Since DFS is a third-party debt collector, they don’t always maintain the records needed to substantiate their claims.

If they can’t present you with definitive proof that the debt belongs to you, they’ll have to remove it from your report.

Once the agencies have been updated, the entry should be deleted, and DFS’ calls and letters will stop.

2. Negotiate a Pay-for-Delete Agreement

If you missed your chance to dispute the debt or DFS had the info they needed to validate it, a pay-for-delete is your next best option.

When you pay a debt collector in full, they’ll stop calling to collect, but the collections entry won’t be removed from your report.

Instead, you need to pay them in exchange for agreeing to have your collections entry removed.

Good news? You can probably get an agency like DFS to agree to accept a negotiated amount. Start by offering to pay around half of what you owe.

Once again, this strategy will be the most successful if you communicate with the agency in writing.

Because if an agency representative agrees to report your payment to the credit bureaus over the phone, there’s no documentation to guarantee they’ll follow through.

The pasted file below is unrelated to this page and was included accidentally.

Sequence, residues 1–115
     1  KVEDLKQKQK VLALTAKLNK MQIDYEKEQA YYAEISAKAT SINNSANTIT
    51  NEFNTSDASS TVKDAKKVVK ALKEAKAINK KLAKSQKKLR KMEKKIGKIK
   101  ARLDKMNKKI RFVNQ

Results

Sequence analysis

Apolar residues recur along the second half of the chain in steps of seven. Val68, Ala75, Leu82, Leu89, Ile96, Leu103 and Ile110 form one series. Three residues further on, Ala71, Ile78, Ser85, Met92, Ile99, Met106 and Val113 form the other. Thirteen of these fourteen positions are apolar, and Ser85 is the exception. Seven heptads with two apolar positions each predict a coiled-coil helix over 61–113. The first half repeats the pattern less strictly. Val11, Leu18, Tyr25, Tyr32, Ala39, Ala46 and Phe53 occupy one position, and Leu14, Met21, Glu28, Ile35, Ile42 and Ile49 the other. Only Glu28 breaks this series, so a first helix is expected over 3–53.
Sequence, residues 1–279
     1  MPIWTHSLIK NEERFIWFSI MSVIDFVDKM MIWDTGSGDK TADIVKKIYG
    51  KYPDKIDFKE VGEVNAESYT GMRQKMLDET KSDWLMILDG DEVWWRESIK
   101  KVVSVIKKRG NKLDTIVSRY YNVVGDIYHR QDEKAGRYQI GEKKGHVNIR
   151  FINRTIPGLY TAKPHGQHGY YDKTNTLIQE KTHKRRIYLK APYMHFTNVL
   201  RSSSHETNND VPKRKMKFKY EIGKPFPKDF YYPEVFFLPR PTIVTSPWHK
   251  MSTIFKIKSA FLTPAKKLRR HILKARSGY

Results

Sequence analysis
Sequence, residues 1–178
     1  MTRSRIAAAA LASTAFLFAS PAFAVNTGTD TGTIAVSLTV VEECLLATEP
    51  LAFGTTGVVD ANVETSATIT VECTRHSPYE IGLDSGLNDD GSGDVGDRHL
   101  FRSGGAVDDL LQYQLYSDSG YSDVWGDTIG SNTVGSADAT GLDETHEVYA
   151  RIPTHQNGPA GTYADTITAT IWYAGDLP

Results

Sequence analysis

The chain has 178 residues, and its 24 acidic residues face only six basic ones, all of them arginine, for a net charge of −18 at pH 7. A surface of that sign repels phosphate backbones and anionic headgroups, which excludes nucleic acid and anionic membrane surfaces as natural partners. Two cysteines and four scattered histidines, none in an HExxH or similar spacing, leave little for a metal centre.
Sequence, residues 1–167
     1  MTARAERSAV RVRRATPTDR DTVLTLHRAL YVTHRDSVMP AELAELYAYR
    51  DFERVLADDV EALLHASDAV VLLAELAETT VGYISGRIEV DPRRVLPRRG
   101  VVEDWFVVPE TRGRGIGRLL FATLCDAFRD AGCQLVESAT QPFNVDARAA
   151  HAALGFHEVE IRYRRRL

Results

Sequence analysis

Therefore, you should monitor your credit after a pay-for-delete to ensure that the entry gets taken off your credit report.

Because if it’s been longer than a month and you’re still seeing the entry, follow up with DFS to make sure they uphold their part of your agreement.

3. Work with a Credit Repair Company

Thus, whether you’re anxious about contacting Delivery Financial Services or just don’t have the time, a credit repair company could be worth considering.

Because credit repair companies are expertly trained to deal with issues like debt collections, making the debt validation and payment process a breeze.

Specifically, they’ll identify the factors that are weighing down your credit and get you back on track.

In addition to dealing with collections agencies, they can also handle:

  • Repossessions
  • Identity fraud
  • Liens
  • Judgments
  • Foreclosures
  • Bankruptcy
  • Poor payment history

Whether you’re looking for a little consulting or you’re drowning in credit problems, don’t hesitate to contact a credit repair company.